I profess to being a kelp collector, a leaf lover, and a compostophile! Autumn weather here on the West Coast has deposited seaweed onto the beach and blown the leaves off the trees, and so it’s time for an annual ritual. The other day I gathered up some of this bounty, added glacial rock dust and Activated EM and started a new compost in a large round wire bin.
Fresh seaweed can also be used directly for mulch, especially under berries and fruit trees, and across the vegetable garden. Easy to break down and with a pleasant look and smell, it is a superb source for plant growth hormone-like substances, and supplies a host of vital micronutrients in the form of trace elements.
As I collect my seaweed into pails, curious beachgoers walking by will invariably ask, “But what about the salt?” As patient as a vegan being asked, “but how do you get your protein?’, I always explain how the salt content in sea water is not an issue at these low amounts, and that I never rinse off my seaweed before using it. If anything, it’s a benefit (and, there is lots of protein in plant based foods)! Sea water, as well as rock dust, transfers numerous vital trace elements back into the soil.
Replenishing our soils with trace elements is one of the most important things to remember as we harvest fruit and veggies. This is true for backyard food growers, and even more urgently for large scale industrial food producers. Over the summer, I came across several articles, both very recent and from the past, discussing the dwindling nutritional qualities of the food we eat. It appears there is broad consensus about this: A carrot or apple today has significantly less nutritional value than the produce consumed by our grandparents or even our parents.
How come? What got me started was a brief 2011 article in Scientific American titled: Dirt Poor: Have Fruits and Vegetables Become Less Nutritious?, pointing to soil nutrient depletion due to intensifying modern agriculture methods. Referring back to landmark research published in 2004 at The University of Texas in Austin, the authors also make the connection to size and growth rate:
“Efforts to breed new varieties of crops that provide greater yield, pest resistance and climate adaptability have allowed crops to grow bigger and more rapidly, […] but their ability to manufacture or uptake nutrients has not kept pace with their rapid growth.”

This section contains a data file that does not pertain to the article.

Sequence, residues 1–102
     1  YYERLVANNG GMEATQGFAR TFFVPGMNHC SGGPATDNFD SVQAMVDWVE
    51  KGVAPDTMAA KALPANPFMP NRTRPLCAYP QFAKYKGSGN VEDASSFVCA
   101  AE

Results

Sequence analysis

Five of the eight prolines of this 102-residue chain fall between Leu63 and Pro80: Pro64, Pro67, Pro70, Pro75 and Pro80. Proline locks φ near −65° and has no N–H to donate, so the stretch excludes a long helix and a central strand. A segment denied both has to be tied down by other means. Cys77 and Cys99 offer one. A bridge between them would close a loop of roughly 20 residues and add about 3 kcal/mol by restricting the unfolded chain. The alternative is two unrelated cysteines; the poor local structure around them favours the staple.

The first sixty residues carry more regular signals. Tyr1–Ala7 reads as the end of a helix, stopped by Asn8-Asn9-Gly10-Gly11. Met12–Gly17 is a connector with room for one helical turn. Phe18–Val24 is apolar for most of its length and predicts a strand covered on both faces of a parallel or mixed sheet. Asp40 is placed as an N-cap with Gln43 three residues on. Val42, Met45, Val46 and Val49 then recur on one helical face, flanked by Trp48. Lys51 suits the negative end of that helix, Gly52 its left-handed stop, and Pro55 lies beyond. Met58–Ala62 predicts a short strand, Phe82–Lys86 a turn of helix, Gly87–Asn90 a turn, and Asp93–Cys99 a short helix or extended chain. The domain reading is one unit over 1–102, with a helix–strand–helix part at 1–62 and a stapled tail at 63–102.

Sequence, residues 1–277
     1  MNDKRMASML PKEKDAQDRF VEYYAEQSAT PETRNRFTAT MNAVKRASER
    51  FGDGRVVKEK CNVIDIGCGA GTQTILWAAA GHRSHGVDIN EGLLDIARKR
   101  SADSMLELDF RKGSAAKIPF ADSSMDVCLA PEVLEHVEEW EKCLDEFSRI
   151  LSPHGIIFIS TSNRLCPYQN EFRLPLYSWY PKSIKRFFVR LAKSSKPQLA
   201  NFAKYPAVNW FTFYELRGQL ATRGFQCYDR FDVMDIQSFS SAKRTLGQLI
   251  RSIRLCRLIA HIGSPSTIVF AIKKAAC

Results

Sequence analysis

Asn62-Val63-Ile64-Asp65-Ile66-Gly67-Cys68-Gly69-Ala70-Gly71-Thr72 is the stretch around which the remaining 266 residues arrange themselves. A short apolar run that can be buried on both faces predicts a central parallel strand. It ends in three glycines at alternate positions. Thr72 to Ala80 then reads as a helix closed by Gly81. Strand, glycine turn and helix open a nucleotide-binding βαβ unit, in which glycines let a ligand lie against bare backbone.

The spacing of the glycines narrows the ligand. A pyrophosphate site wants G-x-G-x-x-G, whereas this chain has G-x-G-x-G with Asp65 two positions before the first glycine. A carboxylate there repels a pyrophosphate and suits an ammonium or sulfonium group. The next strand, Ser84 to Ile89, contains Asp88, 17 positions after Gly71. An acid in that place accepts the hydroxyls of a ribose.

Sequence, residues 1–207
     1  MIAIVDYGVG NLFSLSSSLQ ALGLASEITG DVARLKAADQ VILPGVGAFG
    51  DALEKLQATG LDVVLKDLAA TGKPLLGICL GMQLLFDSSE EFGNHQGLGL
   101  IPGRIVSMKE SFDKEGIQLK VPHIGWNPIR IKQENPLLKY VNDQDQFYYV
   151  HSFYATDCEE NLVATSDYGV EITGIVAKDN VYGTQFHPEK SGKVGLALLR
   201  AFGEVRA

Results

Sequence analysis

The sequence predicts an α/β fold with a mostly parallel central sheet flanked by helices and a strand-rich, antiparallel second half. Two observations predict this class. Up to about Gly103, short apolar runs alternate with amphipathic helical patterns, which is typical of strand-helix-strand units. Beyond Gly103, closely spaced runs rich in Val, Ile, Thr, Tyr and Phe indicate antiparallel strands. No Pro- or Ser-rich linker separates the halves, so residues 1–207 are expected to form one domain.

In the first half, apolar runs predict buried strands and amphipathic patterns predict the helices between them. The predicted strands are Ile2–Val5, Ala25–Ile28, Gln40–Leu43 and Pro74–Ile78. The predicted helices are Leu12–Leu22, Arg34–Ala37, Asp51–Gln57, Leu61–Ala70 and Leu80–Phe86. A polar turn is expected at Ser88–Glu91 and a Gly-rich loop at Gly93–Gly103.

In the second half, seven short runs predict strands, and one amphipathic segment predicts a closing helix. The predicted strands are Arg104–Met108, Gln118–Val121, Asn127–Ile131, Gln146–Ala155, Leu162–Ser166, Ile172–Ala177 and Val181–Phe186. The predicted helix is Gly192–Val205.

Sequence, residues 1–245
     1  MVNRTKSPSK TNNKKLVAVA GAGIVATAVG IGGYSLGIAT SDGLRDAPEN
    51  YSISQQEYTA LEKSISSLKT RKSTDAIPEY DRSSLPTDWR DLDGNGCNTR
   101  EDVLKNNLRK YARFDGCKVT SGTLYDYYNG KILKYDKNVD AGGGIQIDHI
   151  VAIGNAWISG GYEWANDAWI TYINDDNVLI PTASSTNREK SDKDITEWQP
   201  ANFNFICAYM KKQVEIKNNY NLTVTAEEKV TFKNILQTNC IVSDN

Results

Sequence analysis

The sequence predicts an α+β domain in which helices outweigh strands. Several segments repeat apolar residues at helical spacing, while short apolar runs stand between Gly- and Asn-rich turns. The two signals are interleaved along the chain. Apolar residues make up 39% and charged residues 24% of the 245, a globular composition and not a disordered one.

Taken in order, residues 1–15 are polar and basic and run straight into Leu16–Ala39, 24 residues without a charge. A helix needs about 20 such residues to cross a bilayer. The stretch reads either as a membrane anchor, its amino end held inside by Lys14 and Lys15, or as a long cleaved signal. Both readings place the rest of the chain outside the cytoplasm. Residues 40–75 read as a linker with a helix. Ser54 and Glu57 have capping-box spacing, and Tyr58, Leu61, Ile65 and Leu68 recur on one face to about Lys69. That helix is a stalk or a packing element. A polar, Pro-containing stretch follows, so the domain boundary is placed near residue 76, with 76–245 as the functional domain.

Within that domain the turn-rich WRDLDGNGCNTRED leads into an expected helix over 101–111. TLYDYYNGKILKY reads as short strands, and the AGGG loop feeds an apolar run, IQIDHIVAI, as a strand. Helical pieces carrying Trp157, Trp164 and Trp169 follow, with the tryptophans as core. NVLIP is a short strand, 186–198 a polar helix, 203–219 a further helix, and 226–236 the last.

Proponents of conventional agriculture will point to modern mineral and synthetic “complete fertilizers” to close the gap. I too was educated under this outdated paradigm, back in the 1980s and 90s. The assumption that plants only require a standard sixteen “essential nutrients” is not entirely untrue (they do take up that nitrogen, phosphorus, potassium, and some thirteen more), but it is terribly incomplete — for in order to thrive, and yield not only maximum harvest but also maximum nutrition, plants require far more diverse food themselves. They have been shown to take up, or trade with microorganisms, dozens and dozens of elements. In fact, if given the chance, plants will eat almost everything on the table… the periodic table of elements, that is!
Under the headline, The Great Nutrient Collapse, a September 2017 Politico article reiterates a main finding from the above mentioned 2004 study:
“We’ve been breeding […] crops for higher yields, rather than nutrition, and higher-yielding crops […] tend to be less nutrient-packed.”
But then the researchers go one step further, examining a possible link between diminishing food plant quality and rising levels of atmospheric carbon dioxide. As you probably know, CO2 is required for photosynthesis, so you might be tempted to conclude that more of it must be good for plant growth. And on the surface, it is… however,